He exhibited great adaptability with makeup in more conventional crime and adventure films, such as The Penalty (Wallace Worsley, 1920), in which he played an amputee gangster. As Quasimodo in The Hunchback of Notre Dame (Wallace Worsley, 1923) and Erik, the tortured opera ghost in The Phantom of the Opera (Rupert Julian, 1925), Chaney created two of the most grotesquely deformed characters in film history.

William K. Everson in American Silent Film: "Only 'The Phantom of the Opera,' with its classic unmasking scene, a masterpiece of manipulative editing, really succeeded (and still does!) in actually scaring the audience - and that because the revelation had to be a purely visual one. Moreover, Lon Chaney's make-up was so grotesque as to equal, if not surpass, anything that the audience might have anticipated or imagined."

Chaney also appeared in ten films directed by Tod Browning, often portraying disguised and/or mutilated characters. His portrayals sought to elicit a degree of sympathy and pathos among viewers not overwhelmingly terrified or repulsed by the monstrous disfigurements of these victims of fate.

Lon Chaney in Mr. Wu (1927)
German postcard by Ross Verlag, no. 3790/1, 1928-1929. Photo: MGM. Publicity still for Mr. Wu (1927).

Lon Chaney
German postcard by Ross Verlag, no. 3052/1, 1928-1929. Photo: MGM / Fanumet. Publicity still for Mr. Wu (1927). Collection: Didier Hanson.

Lon Chaney
German postcard by Ross Verlag, no. 4349/1, 1929-1930. Photo: MGM. Publicity still for The Unholy Three (Jack Conway, 1930). Collection: Didier Hanson.

One of the most legendary and sought after lost films


In 1924, Lon Chaney starred in Metro-Goldwyn’s He Who Gets Slapped, a circus melodrama voted one of the best films of the year. The success of this film led to a series of contracts with MGM Studios for the next five years. In these final five years of his film career, Chaney gave some of his most memorable performances.

His portrayal of a tough-as-nails marine drill instructor opposite William Haines in Tell It to the Marines (George W. Hill, 1926), one of his favorite films, earned him the affection of the Marine Corps, who made him their first honorary member from the motion picture industry. Memorable is also his carnival knife-thrower Alonzo the Armless in The Unknown (Tod Browning, 1927) opposite Joan Crawford.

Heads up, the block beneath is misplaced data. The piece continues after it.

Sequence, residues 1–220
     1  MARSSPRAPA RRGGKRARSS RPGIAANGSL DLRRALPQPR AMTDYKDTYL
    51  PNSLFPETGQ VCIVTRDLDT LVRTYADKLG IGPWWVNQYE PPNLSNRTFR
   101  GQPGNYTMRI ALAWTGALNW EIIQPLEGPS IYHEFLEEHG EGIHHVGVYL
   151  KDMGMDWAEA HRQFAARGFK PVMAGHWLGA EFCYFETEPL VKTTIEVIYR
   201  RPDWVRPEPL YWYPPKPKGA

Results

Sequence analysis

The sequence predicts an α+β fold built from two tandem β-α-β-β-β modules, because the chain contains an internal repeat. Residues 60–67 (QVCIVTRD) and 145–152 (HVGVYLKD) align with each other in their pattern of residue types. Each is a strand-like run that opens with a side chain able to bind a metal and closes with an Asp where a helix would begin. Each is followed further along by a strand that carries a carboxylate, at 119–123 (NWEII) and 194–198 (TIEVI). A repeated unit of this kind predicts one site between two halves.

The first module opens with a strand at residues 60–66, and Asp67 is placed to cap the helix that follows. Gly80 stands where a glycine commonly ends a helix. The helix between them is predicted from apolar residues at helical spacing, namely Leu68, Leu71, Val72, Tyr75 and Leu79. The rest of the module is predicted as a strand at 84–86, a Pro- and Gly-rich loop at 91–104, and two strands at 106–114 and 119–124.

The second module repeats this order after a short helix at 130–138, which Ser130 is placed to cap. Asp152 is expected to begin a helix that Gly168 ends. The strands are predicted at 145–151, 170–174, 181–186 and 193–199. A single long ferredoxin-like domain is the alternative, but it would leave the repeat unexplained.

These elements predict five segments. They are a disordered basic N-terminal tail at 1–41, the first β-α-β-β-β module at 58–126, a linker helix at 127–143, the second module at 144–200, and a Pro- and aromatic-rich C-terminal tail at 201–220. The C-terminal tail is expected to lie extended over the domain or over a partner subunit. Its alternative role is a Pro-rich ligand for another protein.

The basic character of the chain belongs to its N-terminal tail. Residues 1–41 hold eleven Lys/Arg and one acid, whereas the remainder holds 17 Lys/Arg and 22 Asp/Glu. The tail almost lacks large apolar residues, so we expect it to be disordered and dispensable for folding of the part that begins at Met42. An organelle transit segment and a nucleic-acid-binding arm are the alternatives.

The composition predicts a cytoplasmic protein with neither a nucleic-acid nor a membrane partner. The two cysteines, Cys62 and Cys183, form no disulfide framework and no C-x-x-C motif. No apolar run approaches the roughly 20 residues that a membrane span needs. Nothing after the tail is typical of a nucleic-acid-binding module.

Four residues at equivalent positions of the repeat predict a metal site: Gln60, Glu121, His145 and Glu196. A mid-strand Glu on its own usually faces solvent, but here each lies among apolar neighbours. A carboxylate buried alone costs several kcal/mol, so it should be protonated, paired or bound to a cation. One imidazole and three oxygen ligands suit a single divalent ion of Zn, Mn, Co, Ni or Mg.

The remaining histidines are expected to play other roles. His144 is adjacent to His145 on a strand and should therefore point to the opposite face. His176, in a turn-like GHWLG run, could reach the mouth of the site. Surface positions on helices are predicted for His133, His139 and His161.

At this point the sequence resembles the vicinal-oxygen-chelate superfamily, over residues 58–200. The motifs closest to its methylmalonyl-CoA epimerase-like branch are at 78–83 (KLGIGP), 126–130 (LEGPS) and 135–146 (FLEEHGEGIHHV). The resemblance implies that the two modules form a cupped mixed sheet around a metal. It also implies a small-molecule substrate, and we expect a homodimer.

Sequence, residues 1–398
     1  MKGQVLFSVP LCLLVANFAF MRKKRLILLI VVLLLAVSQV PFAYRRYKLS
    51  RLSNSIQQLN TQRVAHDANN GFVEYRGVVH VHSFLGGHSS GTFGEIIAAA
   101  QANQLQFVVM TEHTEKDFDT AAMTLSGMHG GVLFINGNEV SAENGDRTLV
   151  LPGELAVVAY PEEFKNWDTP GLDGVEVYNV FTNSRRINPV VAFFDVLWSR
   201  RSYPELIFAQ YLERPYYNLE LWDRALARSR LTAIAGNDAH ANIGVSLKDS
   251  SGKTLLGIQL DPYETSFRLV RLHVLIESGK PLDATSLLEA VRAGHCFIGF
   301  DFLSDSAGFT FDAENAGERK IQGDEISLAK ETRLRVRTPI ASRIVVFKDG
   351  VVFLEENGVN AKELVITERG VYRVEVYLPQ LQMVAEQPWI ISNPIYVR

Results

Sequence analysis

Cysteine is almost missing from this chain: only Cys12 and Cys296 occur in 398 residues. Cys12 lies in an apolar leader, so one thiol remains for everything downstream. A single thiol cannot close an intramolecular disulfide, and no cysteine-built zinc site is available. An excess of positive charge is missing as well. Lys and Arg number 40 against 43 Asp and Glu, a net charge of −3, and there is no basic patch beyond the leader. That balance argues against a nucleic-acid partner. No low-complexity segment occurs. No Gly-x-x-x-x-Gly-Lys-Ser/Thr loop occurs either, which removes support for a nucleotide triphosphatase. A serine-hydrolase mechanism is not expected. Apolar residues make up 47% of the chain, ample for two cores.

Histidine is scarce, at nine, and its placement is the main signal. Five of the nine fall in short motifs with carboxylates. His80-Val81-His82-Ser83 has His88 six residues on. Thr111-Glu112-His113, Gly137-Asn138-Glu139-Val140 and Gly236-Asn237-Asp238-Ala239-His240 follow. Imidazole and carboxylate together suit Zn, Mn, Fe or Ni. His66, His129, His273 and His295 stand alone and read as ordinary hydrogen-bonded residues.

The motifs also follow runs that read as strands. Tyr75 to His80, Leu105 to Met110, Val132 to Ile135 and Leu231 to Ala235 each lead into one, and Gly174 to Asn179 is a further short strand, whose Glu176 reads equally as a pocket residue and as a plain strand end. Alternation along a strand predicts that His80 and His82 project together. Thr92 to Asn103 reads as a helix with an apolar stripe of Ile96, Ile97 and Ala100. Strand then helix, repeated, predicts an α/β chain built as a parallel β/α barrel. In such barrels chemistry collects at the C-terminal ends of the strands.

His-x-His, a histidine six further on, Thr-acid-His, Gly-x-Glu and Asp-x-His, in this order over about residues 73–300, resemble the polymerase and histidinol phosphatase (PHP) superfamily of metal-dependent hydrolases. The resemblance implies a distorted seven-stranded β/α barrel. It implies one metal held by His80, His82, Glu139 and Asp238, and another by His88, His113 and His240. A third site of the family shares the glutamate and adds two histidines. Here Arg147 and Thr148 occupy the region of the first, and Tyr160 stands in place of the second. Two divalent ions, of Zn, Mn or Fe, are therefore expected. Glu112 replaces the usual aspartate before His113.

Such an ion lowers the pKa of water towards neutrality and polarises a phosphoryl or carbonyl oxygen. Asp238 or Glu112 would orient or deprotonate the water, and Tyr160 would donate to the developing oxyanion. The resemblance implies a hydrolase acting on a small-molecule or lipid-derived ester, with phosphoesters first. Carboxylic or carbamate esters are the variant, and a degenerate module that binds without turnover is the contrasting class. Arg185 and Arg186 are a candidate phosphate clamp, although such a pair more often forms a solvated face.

In 1927, Chaney also co-starred with Conrad Nagel and Marceline Day in the horror film London After Midnight (Tod Browning, 1927), considered as one of the most legendary and sought after lost films. His final film role was a sound remake of his silent classic The Unholy Three (Jack Conway, 1930). He played Echo, a crook ventriloquist and used five different voices (the ventriloquist, the old woman, a parrot, the dummy and the girl) in the film, thus proving he could make the transition from silent films to the talkies. Chaney signed a sworn statement declaring that the five voices in the film were his own.

During the filming of Thunder in the winter of 1929, Chaney developed pneumonia. In late 1929 the heavy smoker was diagnosed with bronchial lung cancer. This was exacerbated when artificial snow, made out of cornflakes, lodged in his throat during filming and quickly created a serious infection. Despite aggressive treatment, his condition gradually worsened, and seven weeks after the release of the remake of The Unholy Three (1930), he died of a throat hemorrhage in Los Angeles, California.

In his last days, his illness had rendered him unable to speak, forcing him to rely on the pantomimic gestures of his youth in order to communicate with his friends and loved ones. Chaney and his second wife Hazel had led a discreet private life distant from the Hollywood social scene. Chaney did minimal promotional work for his films and for Metro-Goldwyn-Mayer, purposefully fostering a mysterious image, and he reportedly intentionally avoided the social scene in Hollywood.

At the end of the 1950s Lon Chaney was rediscovered. He was portrayed by James Cagney in the biopic Man of a Thousand Faces (Joseph Pevney, 1957). In 1958, Chaney fan Forrest J. Ackerman started and edited the magazine Famous Monsters of Filmland, which published many photographs and articles about Chaney. Ackerman is also present in Kevin Brownlow’s documentary Lon Chaney: A Thousand Faces (2000).


The famous unmasking scene in The Phantom of the Opera (Rupert Julian, 1925). Source: Adlerangriffe (YouTube).

Sources: Hal Erickson (AllMovie), Lon Chaney.com, Silents are Golden, Wikipedia and IMDb.